"All His Instruments: Mary, Miracles, and the Media in the Catholic Philippines" by Deirdre Leong de la Cruz
Deirdre Leong de la Cruz
This dissertation documents and historicizes the modern efflorescence of devotion to the Virgin Mary in the Philippines, and attendant phenomena such as miracles and apparitions. Rather than argue that such revival constitutes sites of resistance to the social, political, and economic transformations wrought by modernity, I claim that in the Philippines, twentieth century Marianism and Marian phenomena are loci where one can see all the novelties putatively ushered in by secular modernity---new regimes of representation and politics, modes of subjectivity, changes in perception, and capacities of technology and the mass media---compellingly assert themselves.
Empirically, this ethnography focuses on modern appearances of the Virgin Mary and the devotional practices and communities that attend to them, analyzing these in conjunction with the rise of mass mediated practices and cultures. Mary is not a new face in the Philippines, however, but a long-present intercessor, and this study equally excavates from the colonial record instances where religious phenomena appear to anticipate a future of mass mediation. The overall consideration of modern Marian devotion and phenomena, finally, is carried out not solely in relation to the mass media, but within a vast constellation of mediating practices that include speech and various genres of writing, as well as those long germane to considering the anthropological object of religion: ritual, prayer, possession, and sacrifice.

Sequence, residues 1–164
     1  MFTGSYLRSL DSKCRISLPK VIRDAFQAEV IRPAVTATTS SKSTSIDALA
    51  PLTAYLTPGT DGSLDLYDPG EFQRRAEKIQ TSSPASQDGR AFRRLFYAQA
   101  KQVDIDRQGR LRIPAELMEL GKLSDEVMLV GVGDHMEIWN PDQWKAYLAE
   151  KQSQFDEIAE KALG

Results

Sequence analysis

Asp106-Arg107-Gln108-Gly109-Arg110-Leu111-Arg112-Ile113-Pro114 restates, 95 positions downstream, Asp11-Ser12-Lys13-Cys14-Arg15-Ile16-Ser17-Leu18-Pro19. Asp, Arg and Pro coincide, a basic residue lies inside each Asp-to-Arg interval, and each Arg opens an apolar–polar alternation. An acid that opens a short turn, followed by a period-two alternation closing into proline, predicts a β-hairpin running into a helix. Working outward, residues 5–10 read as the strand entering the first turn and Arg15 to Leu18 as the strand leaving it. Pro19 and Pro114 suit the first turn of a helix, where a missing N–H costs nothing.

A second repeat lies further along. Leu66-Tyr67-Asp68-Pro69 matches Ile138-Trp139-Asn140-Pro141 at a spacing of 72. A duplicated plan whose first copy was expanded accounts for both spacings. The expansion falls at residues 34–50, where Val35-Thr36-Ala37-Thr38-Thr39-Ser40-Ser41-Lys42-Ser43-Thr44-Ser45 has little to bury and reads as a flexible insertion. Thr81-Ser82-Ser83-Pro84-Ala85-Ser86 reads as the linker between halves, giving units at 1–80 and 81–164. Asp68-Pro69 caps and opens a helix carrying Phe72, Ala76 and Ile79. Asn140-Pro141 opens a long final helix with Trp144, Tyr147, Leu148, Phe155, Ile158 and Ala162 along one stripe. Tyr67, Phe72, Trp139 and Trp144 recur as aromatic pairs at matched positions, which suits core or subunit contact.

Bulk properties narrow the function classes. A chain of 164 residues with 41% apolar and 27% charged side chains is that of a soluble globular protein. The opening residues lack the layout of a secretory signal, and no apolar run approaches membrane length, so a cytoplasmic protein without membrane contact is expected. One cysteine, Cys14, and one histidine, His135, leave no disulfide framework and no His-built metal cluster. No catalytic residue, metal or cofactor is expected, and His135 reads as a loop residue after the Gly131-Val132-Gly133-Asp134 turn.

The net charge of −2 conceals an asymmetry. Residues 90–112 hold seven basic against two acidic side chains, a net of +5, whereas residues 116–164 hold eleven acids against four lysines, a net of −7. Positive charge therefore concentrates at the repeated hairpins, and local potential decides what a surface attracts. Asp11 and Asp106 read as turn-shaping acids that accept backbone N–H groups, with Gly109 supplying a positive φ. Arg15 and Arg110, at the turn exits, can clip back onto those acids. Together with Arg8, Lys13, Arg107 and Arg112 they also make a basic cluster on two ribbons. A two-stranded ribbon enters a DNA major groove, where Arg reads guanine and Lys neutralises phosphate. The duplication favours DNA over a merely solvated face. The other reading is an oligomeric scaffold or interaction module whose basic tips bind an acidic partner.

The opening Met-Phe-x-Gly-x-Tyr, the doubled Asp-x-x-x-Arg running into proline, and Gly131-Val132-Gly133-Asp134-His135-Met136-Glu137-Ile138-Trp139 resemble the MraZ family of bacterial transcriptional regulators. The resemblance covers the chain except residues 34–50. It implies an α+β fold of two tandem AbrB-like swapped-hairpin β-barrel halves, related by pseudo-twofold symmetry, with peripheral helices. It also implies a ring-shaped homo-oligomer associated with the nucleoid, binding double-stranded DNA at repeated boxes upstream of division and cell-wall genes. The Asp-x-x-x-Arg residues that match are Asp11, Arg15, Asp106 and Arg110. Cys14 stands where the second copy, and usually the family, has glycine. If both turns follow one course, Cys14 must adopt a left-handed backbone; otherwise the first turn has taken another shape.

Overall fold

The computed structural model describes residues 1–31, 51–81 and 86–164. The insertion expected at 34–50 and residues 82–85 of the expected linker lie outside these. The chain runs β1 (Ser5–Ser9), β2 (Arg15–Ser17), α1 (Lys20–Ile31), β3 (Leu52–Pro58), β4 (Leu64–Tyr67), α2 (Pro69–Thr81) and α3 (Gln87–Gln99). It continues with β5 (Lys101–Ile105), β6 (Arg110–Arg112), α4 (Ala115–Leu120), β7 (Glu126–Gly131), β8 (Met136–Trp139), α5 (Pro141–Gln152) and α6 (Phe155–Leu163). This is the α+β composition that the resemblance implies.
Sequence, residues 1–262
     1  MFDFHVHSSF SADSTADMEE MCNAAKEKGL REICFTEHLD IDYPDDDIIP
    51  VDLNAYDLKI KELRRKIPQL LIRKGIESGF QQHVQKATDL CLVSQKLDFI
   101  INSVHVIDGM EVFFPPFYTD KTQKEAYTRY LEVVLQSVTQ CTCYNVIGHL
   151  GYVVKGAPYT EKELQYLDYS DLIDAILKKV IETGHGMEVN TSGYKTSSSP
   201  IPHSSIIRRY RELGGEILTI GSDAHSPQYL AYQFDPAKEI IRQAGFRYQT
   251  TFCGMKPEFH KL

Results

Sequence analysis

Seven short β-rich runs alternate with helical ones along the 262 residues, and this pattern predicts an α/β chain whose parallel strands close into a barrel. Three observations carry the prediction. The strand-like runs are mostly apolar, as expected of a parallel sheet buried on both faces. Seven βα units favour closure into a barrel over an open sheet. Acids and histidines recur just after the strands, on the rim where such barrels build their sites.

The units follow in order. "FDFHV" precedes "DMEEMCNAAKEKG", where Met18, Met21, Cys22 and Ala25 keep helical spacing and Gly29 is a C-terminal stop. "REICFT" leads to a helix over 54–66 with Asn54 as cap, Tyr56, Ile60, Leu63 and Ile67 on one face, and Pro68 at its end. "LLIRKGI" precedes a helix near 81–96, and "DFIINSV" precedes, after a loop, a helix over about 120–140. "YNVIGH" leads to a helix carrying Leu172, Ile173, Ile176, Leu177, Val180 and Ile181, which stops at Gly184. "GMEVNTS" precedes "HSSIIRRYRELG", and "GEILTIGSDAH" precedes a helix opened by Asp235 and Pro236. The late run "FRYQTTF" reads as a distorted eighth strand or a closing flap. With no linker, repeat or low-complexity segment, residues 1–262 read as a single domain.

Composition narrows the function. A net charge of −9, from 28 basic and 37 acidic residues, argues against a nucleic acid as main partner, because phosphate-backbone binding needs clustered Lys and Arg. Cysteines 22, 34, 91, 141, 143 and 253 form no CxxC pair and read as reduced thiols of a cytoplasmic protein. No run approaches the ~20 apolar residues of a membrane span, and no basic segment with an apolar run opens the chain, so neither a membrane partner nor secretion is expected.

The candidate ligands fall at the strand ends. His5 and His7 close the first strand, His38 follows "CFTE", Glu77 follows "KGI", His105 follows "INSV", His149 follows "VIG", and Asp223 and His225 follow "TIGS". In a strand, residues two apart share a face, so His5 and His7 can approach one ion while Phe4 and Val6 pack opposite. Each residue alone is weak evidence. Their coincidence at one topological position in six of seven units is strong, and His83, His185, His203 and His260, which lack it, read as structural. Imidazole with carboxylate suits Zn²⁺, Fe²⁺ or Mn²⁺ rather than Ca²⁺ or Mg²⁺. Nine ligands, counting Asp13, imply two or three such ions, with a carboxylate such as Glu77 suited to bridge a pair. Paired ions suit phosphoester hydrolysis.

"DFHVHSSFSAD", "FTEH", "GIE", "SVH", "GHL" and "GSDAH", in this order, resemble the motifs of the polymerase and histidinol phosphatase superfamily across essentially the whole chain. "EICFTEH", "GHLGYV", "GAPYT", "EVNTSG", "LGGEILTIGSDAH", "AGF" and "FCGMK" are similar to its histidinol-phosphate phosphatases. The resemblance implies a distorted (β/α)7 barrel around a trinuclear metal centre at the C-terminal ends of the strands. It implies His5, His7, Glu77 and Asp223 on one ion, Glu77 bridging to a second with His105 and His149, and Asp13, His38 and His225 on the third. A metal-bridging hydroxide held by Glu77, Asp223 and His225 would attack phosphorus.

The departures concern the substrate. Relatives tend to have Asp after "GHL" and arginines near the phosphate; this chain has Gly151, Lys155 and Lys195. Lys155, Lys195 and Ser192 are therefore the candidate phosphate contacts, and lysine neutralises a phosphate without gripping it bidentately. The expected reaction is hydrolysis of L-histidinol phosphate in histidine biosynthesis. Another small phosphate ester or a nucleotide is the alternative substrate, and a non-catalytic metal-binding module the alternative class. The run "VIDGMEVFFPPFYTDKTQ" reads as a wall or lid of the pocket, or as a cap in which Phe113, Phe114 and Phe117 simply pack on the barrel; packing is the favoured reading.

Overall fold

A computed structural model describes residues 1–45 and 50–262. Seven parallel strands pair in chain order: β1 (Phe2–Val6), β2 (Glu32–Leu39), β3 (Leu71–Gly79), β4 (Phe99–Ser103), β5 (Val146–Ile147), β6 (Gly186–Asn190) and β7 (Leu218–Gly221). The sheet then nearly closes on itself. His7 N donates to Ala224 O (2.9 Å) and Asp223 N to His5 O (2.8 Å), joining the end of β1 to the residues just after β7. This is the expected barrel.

Deeply imbricated in this history of modern forms of mediation in the Philippines is the consideration of Mary's enduring role as a divine protector. At another level, thus, this thesis is also a history of conflict and perceptions of danger in the Philippines, one produced by reading off the shields forged by Mary's protective or preemptive interventions, and by attending to when and where she appears and by whom she is invoked. Among this documentation of religion and media are repeat considerations of misfortune and danger, fear of the foreign, catastrophe, atrocity, and war, making this study as much a history of the 21st century global present as it is of Philippine modernity.